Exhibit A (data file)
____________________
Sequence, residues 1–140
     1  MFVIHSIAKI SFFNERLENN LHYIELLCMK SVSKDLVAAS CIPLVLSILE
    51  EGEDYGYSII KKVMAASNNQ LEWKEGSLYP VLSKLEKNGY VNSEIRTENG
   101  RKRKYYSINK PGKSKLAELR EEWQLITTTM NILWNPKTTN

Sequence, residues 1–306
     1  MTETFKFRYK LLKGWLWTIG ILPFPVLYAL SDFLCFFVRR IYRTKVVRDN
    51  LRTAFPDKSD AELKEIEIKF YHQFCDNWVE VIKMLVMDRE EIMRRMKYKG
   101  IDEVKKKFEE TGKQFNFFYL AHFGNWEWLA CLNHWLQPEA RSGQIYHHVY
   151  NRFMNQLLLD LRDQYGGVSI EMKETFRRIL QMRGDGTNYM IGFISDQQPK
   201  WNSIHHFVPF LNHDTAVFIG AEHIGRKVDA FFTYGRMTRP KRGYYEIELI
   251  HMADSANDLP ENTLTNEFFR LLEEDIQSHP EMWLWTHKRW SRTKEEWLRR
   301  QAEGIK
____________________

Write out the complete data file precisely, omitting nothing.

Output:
Sequence, residues 1–140
     1  MFVIHSIAKI SFFNERLENN LHYIELLCMK SVSKDLVAAS CIPLVLSILE
    51  EGEDYGYSII KKVMAASNNQ LEWKEGSLYP VLSKLEKNGY VNSEIRTENG
   101  RKRKYYSINK PGKSKLAELR EEWQLITTTM NILWNPKTTN

Sequence, residues 1–306
     1  MTETFKFRYK LLKGWLWTIG ILPFPVLYAL SDFLCFFVRR IYRTKVVRDN
    51  LRTAFPDKSD AELKEIEIKF YHQFCDNWVE VIKMLVMDRE EIMRRMKYKG
   101  IDEVKKKFEE TGKQFNFFYL AHFGNWEWLA CLNHWLQPEA RSGQIYHHVY
   151  NRFMNQLLLD LRDQYGGVSI EMKETFRRIL QMRGDGTNYM IGFISDQQPK
   201  WNSIHHFVPF LNHDTAVFIG AEHIGRKVDA FFTYGRMTRP KRGYYEIELI
   251  HMADSANDLP ENTLTNEFFR LLEEDIQSHP EMWLWTHKRW SRTKEEWLRR
   301  QAEGIK